The IP-lobby does not make any real effort to accept, embrace and make use of our new reality and of the information society. They could, if they wanted. And they could make a lot of money doing so. But so far, they seem unable and unwilling to think outside the box.

Sometimes it’s almost amazing. We met with a person from the book publishing sector. That person told us, with a stiff upper lip, that the amount and the multitude of information on the Internet is a problem – as no one can handle the selection process, deciding what should be published and not. So… von oben.

An online information society with a multitude of information and hyper distribution is the new market. And in many ways it is a much more free market than the old one. You should accept it – or get out of the way.

And let’s face it. Some products, business models, concepts and stuff will end up in the trash can – as they don’t fit our modern society. And they should end up in the trash – making open space for things that are new, profitable, focused on the future, viable and blooming.

No one can tell what tomorrows business concepts will look like. But you don't need to worry. We'll find out, eventually. The market will solve that. On its’ own. There will always be talanted people developing new stuff for new markets. You might call it capitalism, spontaneous order, progress, the invisible hand, dynamic effects or what ever you like. But it will be there.

Trust the Force!

[This blog post in Swedish]

November 10, 2009

Brands and counterfeit vs. file sharing

In the EU, the word "piracy" is often used both for counterfeit goods and for file sharing. Naturally, this is a deliberate way to confuse the discussion.

The Pirate Party has no problems with brands, as they give consumers important information. And we are against counterfeit of goods. Counterfeit infringes on the brand. And counterfeit goods are usually poorer and sometimes plain dangerous. People have the right to know what goods they are buying and who the producer is.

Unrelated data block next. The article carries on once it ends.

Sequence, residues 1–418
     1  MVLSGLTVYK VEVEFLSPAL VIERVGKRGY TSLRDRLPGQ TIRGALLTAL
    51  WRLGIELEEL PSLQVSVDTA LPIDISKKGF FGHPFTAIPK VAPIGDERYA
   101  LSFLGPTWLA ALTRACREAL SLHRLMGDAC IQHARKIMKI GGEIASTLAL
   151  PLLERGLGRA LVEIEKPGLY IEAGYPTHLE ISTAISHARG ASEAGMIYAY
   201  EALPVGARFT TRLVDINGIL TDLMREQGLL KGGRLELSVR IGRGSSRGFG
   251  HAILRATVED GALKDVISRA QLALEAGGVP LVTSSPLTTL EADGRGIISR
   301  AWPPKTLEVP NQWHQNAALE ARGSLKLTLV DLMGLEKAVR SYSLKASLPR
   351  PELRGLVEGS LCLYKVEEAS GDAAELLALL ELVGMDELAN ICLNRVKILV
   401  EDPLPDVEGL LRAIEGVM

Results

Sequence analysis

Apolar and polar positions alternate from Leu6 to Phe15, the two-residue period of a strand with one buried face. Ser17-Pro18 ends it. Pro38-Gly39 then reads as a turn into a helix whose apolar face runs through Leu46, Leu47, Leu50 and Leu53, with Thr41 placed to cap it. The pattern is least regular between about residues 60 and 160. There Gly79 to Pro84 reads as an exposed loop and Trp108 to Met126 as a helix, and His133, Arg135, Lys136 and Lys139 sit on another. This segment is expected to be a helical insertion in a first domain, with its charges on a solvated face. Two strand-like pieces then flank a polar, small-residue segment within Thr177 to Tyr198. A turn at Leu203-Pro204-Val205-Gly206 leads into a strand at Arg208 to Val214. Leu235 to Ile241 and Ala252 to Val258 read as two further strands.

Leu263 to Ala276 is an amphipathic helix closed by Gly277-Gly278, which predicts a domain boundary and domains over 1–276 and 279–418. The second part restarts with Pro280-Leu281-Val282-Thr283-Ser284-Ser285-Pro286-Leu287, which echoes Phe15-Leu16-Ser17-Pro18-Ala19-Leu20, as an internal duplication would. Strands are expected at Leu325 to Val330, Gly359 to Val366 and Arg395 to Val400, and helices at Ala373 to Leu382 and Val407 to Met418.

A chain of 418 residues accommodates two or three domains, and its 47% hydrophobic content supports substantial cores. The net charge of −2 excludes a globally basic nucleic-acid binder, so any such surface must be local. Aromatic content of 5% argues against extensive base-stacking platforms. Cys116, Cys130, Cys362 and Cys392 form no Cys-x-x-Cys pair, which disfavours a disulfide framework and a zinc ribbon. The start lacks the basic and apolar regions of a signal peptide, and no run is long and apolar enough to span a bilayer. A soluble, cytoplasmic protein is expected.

The Pirate Party is also pro non commercial file sharing between private individuals.

From our standpoint, everything becomes strange and wrong when the EU tries to confuse counterfeit with file sharing. E.g. in a communication from the EU Commission, practically all the text is about counterfeit - but still everything boils down to measures to prevent file sharing. The Commission ought to know better.

Swedish Pirate MEP, Christian Engström, spent this morning in the European Parliaments committee on legal affairs to try to get people to grasp this.

This is also an important distinction when it comes to the ACTA trade agreement - that also tries to bundle counterfeit with file sharing.

[In Swedish]

October 15, 2008

The Democratic Deficit revisited

A few weeks ago the European Parliament voted on the Telecoms Package.

At the last minute the EP managed to stop parts (created by the copyright lobby) of the package aimed to filter the internet and to close down internet access (without judicial process) for people engaged in e.g. file sharing. So far, so good.

Now, it turns out, the European Commission seems to have removed all references to this EP-decision in its working papers – preparing the Telecoms Package for a second reading in the EP or an OK in the Council. This we where not supposed to know. But the document leaked out...

It is not to bold to guess that this is the work of the French EU presidency and its friends in the copyright lobby. They simply will not take no for an answer. Not even a clear no from the EP.

(Personally, I am pro copyright. But I will not accept mass survilance, limitations in citizens rights or give up the freedom of the internet. And I think it is a really bad idea to use laws to save an outdated business model.)

Read more and find the relevant links at

April 3, 2008

La, la, la! I can't hear you. La, la, la!

When the Swedish Parliament holds a hearing on Immaterial Rights on the Internet today – they have decided not to invite anyone who is critical against the Control State and Big Brotherism that might follow.